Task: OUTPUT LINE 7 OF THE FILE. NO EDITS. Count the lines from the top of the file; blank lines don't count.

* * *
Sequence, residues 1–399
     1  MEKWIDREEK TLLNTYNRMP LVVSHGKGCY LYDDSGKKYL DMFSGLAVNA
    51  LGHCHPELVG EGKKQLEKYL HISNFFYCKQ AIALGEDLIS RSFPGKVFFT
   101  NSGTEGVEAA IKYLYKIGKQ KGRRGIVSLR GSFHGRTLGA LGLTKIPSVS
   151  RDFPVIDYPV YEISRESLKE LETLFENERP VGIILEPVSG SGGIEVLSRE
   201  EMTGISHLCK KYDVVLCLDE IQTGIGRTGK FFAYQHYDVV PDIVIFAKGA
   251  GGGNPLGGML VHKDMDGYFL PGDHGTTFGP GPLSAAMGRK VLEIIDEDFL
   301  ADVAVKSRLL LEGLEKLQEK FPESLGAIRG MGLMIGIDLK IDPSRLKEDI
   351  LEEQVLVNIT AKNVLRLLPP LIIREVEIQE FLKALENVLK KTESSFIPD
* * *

   251  GGGNPLGGML VHKDMDGYFL PGDHGTTFGP GPLSAAMGRK VLEIIDEDFL